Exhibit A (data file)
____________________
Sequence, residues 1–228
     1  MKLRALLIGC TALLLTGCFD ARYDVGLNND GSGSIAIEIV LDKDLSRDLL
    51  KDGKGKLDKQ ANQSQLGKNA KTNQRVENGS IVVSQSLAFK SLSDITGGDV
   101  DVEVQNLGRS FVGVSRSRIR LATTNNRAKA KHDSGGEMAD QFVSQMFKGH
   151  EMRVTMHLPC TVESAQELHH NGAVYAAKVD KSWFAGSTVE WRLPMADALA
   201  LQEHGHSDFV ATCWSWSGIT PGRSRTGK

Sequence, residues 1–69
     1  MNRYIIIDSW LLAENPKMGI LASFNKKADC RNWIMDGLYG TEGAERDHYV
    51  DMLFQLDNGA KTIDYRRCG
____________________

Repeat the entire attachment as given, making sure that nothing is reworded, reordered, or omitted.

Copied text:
Sequence, residues 1–228
     1  MKLRALLIGC TALLLTGCFD ARYDVGLNND GSGSIAIEIV LDKDLSRDLL
    51  KDGKGKLDKQ ANQSQLGKNA KTNQRVENGS IVVSQSLAFK SLSDITGGDV
   101  DVEVQNLGRS FVGVSRSRIR LATTNNRAKA KHDSGGEMAD QFVSQMFKGH
   151  EMRVTMHLPC TVESAQELHH NGAVYAAKVD KSWFAGSTVE WRLPMADALA
   201  LQEHGHSDFV ATCWSWSGIT PGRSRTGK

Sequence, residues 1–69
     1  MNRYIIIDSW LLAENPKMGI LASFNKKADC RNWIMDGLYG TEGAERDHYV
    51  DMLFQLDNGA KTIDYRRCG